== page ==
Campaign launched for Wolsey's long-lost angels

Commissioned by Cardinal Wolsey, taken by Henry VIII, and hidden in a golf club's country house for decades – the four bronze angels at the centre of a new appeal.

In 1524 Cardinal Thomas Wolsey, chief advisor to King Henry VIII, commissioned the Florentine sculptor Benedetto da Rovezzano to create four bronze angels for his magnificent Renaissance tomb.

Wolsey's fortunes were soon to suffer a rapid decline. He fell out of favour with Henry VIII after he failed to persuade Pope Clement VII to annul the king's marriage to Catherine of Aragon. When Wolsey died in 1530, his possessions were appropriated by Henry for his own use – angels and unfinished tomb included.

Henry didn't live to see the tomb finished, though he outlived Wolsey by 17 years. Construction was halted despite Benedetto establishing a team of craftsmen in Westminster, and the plans of Henry's three children to complete the memorial posthumously went unrealised.

After Henry's death, details of whether the angels remained with the tomb become scant. Elizabeth I moved much of the tomb to Windsor in 1565, where it stayed for over 80 years, with some parts sold off during the civil war to help finance the Royalist cause. Before Oliver Cromwell's parliament deposed and executed him, Charles I had expressed his wish to be buried in the tomb. He would eventually be interred at St George's Chapel, Windsor in the same cramped vault as Henry VIII – two former admirers of Benedetto's craftsmanship buried side by side, separated by almost three centuries.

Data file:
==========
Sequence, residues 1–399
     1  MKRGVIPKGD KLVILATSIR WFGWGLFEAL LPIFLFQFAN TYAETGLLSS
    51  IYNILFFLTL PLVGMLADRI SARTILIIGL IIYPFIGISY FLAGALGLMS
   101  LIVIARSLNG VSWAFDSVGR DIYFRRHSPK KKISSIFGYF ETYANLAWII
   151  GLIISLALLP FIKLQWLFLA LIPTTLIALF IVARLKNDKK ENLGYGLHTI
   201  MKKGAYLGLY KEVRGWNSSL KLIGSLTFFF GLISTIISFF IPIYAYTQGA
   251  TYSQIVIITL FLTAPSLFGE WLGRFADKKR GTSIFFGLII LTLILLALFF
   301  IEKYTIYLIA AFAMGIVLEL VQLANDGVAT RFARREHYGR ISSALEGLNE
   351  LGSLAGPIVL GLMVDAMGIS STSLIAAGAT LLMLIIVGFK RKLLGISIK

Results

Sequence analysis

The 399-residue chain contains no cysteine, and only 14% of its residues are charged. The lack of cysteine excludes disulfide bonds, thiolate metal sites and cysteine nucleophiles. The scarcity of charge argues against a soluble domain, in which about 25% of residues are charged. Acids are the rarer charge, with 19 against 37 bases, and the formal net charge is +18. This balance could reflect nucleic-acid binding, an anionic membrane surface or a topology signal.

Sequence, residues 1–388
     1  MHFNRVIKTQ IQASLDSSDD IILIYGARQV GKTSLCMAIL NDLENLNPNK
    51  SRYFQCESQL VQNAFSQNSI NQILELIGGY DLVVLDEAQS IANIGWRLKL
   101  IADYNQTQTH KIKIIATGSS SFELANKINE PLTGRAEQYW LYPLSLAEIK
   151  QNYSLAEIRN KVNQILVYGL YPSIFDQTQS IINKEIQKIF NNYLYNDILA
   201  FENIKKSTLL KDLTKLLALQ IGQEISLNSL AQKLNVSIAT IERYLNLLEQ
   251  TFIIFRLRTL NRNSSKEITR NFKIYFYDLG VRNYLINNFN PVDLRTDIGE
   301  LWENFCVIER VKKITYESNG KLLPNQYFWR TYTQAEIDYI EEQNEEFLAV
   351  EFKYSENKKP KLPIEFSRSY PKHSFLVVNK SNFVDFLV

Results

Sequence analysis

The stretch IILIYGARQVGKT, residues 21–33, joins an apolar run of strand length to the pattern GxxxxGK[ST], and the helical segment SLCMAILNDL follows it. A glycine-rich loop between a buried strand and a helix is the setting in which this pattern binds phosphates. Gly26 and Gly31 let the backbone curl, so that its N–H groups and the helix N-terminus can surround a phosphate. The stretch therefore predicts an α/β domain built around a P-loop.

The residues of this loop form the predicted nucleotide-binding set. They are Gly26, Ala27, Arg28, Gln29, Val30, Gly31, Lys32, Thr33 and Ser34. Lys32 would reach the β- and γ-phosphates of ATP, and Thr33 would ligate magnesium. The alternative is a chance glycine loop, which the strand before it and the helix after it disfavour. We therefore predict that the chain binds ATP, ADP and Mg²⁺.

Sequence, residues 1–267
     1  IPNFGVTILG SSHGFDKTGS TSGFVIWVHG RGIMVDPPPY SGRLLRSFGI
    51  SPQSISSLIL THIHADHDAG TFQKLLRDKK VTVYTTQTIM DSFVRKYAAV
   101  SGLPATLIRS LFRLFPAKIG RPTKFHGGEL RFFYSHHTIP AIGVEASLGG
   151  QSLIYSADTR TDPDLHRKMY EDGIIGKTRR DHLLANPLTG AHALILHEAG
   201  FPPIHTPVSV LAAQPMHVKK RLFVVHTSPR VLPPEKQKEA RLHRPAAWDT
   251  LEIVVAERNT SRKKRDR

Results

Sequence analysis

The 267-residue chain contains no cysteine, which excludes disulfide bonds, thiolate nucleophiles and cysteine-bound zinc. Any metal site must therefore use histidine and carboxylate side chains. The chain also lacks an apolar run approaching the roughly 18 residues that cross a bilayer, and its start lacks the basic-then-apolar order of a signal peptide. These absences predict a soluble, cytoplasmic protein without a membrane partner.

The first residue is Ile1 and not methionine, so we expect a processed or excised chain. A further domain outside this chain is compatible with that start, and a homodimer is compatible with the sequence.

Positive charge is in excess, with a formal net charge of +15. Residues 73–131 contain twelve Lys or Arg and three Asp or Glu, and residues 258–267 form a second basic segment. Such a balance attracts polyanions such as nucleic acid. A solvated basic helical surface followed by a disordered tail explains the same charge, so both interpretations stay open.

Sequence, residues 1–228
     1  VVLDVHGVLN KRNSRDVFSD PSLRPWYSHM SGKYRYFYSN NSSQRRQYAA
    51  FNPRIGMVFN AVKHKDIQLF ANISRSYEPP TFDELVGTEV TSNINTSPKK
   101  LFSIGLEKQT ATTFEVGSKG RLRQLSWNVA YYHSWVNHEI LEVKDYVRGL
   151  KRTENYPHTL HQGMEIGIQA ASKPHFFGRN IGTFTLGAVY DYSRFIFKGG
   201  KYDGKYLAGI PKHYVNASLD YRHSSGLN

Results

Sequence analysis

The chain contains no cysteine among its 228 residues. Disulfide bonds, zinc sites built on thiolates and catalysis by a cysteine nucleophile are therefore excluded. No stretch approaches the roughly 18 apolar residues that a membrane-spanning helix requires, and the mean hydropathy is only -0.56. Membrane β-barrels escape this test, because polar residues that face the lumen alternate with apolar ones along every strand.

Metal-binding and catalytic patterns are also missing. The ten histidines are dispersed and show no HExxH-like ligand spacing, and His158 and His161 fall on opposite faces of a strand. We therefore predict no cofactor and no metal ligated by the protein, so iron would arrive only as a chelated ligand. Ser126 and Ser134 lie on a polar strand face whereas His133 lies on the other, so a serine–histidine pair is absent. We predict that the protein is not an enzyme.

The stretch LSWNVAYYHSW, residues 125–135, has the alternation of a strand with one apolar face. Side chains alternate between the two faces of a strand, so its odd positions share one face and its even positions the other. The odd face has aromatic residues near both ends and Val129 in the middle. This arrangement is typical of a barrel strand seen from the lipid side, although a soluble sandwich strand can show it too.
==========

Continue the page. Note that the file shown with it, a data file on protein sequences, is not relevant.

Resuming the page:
After the civil war, the only element of the tomb known to have survived was a black stone chest, finally put to use as the centrepiece of Horatio Nelson's tomb at St Paul's Cathedral. As for Wolsey's angels, their location – if they had survived at all – was unknown.

In 1994, an unillustrated entry in a Sotheby's catalogue listed two bronze sculptures 'in Italian Renaissance style'. A Parisian art dealer bought the statues, and soon afterwards the Italian scholar Francesco Caglioti attributed the angels to Benedetto. In 2008, the second pair was discovered at Harrowden Hall, a country house in Northamptonshire owned by the Wellingborough Golf Club. The Sotheby's angels, it emerged, had been stolen from Harrowden in 1988.

Author Hilary Mantel, who was awarded the Man Booker Prize in 2009 and 2012, called the angels' recovery 'one of those miracles that historians pray for – something that seems irrevocably lost has been there all the time.'

The V&A has launched a fundraising campaign to secure all four angels, which have been reunited for a temporary display in the museum's Medieval & Renaissance gallery in accordance with Benedetto's original design. Half of the £5m purchase price has already been raised – including a £500,000 grant from the Art Fund – leaving £2.5m to be raised through the public appeal.

Stephen Deuchar, director of the Art Fund, said: 'The commission, design, creation and subsequent history of Wolsey’s angels lend them an unusual, colourful and important place in English visual culture. We are delighted to be supporting the V&A’s determination to secure and reunite the group, and to be contributing to their purchase with a grant of £500,000. I urge the public to donate to the V&A’s campaign.'

To find out more about the appeal, or to make a donation, visit the campaign website.

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